The wild child of the family, yes. Well, the wild teenager. And I was enjoying a wild December day, that day the storm first broke inside my home.

School was closed for the summer. Not a cloud spoiled the bright blue sky. The three of us: Thabo and Tshepiso and I, were ready for adventure!

First we spied on my brother and his girlfriend, Mmegi. They sat under a tree, far from the village houses. Yet still there was a wide space between their bodies. No holding hands. Definitely not a single kiss! That is the way couples in our community must conduct themselves. The people of Boseja do not hold with modern permissive ways.

But I saw that Mmegi was crying. I saw that Larona was speaking to her sternly as if he was already a husband. And what was that about? Thabo and Tshepiso and I exchanged glances. We crept nearer to hear their words. But a stick broke beneath Tshepiso with a loud crack.

My brother spotted us. “How dare you? This is private. Go on, clear off!”

So we cleared off, down to the orchards of Rra Diko in the western valley. And what fine orchards they were! Peaches hung ripe and golden in the dark trees. “The highest ones are the sweetest,” Tshepiso announced.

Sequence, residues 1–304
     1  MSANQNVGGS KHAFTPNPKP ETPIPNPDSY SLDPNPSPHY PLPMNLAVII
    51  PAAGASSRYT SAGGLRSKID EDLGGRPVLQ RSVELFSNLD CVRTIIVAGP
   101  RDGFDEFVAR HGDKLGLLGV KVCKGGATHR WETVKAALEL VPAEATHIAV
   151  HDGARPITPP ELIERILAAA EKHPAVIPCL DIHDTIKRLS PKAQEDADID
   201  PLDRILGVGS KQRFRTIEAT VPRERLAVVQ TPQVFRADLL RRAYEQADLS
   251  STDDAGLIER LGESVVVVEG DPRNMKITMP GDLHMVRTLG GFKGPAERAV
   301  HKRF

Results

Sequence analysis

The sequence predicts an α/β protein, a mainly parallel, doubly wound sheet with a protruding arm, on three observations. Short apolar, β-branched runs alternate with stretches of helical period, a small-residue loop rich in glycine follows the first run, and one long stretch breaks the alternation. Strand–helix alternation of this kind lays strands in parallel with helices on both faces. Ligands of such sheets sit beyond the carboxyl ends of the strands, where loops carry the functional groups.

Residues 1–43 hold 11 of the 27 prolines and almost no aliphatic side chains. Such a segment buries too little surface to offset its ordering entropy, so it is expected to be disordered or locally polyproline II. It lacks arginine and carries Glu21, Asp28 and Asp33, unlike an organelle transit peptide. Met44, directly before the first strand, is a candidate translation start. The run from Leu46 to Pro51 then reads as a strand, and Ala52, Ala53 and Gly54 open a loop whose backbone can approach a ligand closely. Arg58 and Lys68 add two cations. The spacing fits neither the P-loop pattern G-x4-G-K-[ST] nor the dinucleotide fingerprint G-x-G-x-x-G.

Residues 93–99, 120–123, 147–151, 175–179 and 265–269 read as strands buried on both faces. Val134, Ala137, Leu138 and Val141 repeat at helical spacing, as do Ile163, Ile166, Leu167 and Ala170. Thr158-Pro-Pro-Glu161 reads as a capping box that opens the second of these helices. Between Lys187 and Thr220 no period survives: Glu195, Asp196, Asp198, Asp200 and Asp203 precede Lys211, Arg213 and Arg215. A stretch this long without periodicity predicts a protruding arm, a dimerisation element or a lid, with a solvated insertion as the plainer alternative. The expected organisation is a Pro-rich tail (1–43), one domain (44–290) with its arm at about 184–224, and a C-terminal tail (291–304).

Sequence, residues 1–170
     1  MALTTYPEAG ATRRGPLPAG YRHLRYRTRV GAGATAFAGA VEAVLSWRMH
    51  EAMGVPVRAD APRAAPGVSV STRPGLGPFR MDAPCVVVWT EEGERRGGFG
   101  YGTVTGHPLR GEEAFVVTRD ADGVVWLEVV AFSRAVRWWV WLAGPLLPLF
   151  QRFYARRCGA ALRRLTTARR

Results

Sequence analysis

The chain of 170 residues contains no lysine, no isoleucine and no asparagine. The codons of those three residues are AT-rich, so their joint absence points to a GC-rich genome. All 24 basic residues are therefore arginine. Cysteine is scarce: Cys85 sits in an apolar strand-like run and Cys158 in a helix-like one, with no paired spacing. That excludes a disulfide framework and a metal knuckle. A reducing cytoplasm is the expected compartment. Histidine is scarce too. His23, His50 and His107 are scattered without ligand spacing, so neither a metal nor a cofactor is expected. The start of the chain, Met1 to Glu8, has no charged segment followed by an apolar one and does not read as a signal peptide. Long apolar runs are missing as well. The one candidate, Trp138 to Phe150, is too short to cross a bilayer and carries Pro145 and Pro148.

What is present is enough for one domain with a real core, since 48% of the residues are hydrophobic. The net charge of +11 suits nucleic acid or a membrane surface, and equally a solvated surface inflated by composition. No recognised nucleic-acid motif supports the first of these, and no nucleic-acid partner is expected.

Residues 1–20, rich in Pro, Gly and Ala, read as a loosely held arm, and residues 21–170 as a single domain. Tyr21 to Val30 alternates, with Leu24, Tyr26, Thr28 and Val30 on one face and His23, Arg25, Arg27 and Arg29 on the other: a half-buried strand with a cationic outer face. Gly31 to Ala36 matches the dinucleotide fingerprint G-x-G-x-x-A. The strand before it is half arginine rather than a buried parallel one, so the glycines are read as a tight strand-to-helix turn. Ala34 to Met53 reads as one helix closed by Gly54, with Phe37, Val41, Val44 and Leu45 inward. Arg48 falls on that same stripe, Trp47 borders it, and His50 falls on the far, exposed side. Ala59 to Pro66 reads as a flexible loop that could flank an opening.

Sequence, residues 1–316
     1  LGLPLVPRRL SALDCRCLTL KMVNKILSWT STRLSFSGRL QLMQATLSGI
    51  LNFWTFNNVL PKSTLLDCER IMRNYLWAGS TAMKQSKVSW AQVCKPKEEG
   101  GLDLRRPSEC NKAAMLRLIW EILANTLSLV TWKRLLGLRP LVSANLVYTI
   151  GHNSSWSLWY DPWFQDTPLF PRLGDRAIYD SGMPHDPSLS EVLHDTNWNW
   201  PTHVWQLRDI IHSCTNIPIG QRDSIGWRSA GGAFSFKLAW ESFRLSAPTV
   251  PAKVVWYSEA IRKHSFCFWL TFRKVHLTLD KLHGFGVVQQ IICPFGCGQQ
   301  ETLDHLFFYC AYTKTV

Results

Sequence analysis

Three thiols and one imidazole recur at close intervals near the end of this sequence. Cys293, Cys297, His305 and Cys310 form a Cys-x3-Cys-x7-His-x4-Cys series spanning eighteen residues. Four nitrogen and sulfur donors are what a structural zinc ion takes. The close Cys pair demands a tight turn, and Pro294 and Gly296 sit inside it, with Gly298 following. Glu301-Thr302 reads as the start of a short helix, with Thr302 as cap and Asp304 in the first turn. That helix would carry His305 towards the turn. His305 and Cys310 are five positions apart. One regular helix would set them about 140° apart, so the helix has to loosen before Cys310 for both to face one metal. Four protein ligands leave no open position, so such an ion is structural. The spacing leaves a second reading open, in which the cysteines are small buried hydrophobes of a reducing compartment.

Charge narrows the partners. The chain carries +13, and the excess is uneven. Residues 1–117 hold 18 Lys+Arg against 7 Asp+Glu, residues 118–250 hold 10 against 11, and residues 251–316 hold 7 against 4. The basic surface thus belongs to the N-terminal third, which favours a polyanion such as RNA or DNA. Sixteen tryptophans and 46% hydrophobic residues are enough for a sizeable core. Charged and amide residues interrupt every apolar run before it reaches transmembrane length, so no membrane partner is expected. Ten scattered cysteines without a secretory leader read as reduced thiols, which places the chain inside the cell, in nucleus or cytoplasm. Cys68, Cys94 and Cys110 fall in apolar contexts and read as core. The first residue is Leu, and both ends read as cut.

He was right! There we clung amongst the highest branches where the wind was quite strong. Sweet peach juice ran down our chins and onto our clothes. Until Rra Diko came charging down the avenue between his trees, yelling.“You young thieves! I see who you are! Don’t think you will escape justice!”

With palms and knees scraped raw by the rough peach-tree bark, we ran off. Straight to the river. Such a hot day it was, the sun burning overhead.

Stripped naked, we dived into the fresh water. We splashed each other, laughing and making rude comments about each other’s naked parts. But we were too far downstream. Too close to the rocks where some village wives like to wash their laundry – even though every yard has its own tap.

“For shame,” the eldest wife shouted, “is this any way for decent sons from decent families to act? Exposing yourselves for all to see?”

It was difficult to force our clothes back on our still-damp bodies. But by the time we reached the Highway, we were dry again, and well-rewarded.

A group of truckdrivers from up north were passing through. Rough, wild men. Rough as the canvas that covered their lorry-loads. And what amazing curses they flung into the summer air! What full-blooded whistles they made at passing Highway girls!

We listened breathlessly, Thabo and Tshepiso and I, even though Refilwe was nowhere to be seen. I wanted to ask her mother about her. But her mother’s butcher-knife, high above her head, shone sharp and fierce. So I backed away. And besides, some village wives had arrived, searching for the freshest fruit, the brightest vegetables. Covering their heads with shawls to shut out the cursing of the truckers.

I was late coming home. My father’s angry voice rushed out through our kitchen doorway.“This is not right! That a son of mine should disgrace me in front of the whole village!” My mother’s wild weeping followed, reaching out to grip me like a fist in the darkness.

Had Rra Diko been to complain? Or one of the washing wives? My heart sank, heavier than the laundry rocks in the river.

Tell us what you think: What do you believe the problem is between Larona and his girlfriend?